Dear Carson: I am a minister. If the bride and groom are medical doctors, what is the appropriate way to introduce them to the congregation at the end of the ceremony? Should I introduce them individually, for example, "I present to you Dr. Bill and Dr. Debbie Smith"; or is it, "I present to you the Drs. Smith"?
Also, what is the appropriate salutation in a letter to a husband and wife who are doctors? - Mixed Up Minister
Dear Mixed Up: Ask them how they would like to be introduced. Either of your examples would be acceptable, as would "Mr. and Mrs. William Dodson Smith."
For a social invitation many doctors prefer the traditional "Mr. and Mrs.," but female doctors often take umbrage. Also, there is the question of whether they use the same last name. For the same last names it would read: "Dr. Deborah and Dr. Michael Horworth Jones." In the case of different last names you could have their names on separate lines, listed alphabetically.
Dear Carson: We are trying to settle a family dispute: What is the proper etiquette for using a tissue? - Kleenex Courtesy
Dear Kleenex: Use the tissue once or twice, then return it to pocket or handbag to be disposed of later. It is offensive to see a germy, crumpled tissue in plain sight.
Dear Carson: I am told that anyone invited to a bridal shower must receive an invitation to the wedding. The invitations to my fiancee's bridal shower were sent out by her aunts, who never passed the guest list by the bride for review. Now there are women invited to a bridal shower who are not on our wedding list. This is a problem as we have limited capacity at our small ceremony and reception. Perhaps your sage counsel can keep us from deeply offending various family factions. Thanks in advance - Out of the Loop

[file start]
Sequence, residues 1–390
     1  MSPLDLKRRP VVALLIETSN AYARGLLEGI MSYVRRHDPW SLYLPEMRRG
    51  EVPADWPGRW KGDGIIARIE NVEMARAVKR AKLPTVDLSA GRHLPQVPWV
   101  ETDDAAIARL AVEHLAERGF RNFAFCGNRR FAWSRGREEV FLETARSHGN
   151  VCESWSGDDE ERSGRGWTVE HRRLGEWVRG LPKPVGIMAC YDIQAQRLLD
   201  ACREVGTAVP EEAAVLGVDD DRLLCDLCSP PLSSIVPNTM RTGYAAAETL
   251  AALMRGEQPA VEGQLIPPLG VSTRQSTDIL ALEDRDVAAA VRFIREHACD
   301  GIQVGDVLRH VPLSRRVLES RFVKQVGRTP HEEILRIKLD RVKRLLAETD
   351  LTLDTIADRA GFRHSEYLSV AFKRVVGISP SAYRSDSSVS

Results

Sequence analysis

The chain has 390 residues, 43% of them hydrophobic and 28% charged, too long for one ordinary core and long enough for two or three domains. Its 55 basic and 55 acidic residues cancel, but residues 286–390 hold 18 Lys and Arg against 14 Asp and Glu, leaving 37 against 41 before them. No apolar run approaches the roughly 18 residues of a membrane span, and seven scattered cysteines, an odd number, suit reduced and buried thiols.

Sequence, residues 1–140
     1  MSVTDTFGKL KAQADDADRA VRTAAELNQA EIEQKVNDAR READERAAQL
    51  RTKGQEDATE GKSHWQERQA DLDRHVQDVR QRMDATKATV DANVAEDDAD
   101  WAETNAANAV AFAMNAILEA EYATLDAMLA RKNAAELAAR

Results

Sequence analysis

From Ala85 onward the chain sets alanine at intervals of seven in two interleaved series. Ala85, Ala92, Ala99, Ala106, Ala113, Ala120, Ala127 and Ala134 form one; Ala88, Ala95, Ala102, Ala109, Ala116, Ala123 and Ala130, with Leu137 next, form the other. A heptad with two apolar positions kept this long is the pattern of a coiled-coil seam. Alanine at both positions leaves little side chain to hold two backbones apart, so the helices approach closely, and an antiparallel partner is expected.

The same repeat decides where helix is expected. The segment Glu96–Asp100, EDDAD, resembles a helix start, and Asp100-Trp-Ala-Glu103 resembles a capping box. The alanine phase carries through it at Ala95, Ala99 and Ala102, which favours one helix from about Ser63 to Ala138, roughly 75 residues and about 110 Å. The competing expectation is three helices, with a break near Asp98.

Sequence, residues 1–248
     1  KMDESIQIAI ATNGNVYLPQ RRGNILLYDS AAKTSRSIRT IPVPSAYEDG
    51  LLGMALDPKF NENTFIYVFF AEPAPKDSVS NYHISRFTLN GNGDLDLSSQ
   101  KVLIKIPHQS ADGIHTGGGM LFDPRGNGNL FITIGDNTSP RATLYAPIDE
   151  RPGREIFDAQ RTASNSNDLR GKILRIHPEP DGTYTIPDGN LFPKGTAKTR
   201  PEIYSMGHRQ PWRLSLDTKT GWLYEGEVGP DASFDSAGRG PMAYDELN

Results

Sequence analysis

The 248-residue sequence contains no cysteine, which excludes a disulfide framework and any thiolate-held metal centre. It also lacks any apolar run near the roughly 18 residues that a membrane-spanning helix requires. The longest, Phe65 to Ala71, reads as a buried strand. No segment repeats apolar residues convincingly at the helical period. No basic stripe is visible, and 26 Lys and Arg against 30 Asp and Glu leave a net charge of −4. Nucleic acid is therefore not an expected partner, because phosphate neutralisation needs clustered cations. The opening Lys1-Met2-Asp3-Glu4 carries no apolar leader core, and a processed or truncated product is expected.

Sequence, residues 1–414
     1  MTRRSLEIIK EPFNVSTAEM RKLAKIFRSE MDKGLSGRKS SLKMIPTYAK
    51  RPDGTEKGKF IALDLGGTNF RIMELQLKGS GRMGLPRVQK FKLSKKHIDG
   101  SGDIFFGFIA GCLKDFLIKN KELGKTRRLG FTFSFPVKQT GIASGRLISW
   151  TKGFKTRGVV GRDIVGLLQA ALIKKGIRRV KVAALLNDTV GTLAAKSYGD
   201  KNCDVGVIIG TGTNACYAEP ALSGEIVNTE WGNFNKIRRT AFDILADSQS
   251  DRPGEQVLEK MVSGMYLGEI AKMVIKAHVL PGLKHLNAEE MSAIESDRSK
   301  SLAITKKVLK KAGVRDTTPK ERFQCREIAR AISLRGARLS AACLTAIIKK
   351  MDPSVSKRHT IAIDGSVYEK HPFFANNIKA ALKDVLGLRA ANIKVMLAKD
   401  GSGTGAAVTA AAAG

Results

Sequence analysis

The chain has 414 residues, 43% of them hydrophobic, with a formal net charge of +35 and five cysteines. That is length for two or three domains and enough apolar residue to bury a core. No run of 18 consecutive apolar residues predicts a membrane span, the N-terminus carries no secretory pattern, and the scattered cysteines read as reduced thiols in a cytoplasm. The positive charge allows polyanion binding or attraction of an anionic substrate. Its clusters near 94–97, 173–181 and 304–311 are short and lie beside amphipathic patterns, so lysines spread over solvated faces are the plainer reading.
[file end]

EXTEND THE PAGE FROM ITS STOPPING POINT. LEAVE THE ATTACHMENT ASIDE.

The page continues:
Dear Loop: Just advise your bride to go to the shower, enjoy herself and thank everyone graciously. Mention during the course of the party that you are having a very small wedding and reception. Write each person a gracious note of thanks. These ladies are perhaps closer friends of your aunts' than of yours. This is not the first time such a thing has happened.
Dear Carson: For the past few days I have had several guests drop in without calling first. To me this is the height of rudeness. They seem to think that just because my car is in the driveway that I am obligated to stop what I am doing and entertain them. What is the best way to handle this? - Not at Home
Dear Not at Home: Either do not answer the door or put a note on the door, saying that you cannot answer the door because you are working, sleeping or otherwise occupied.
Or, you may answer it and tell them that you'd love to invite them in but that you are in the middle of some work that cannot be interrupted. Said in a pleasant tone of voice and with an open expression it should be met with a minimum of offense.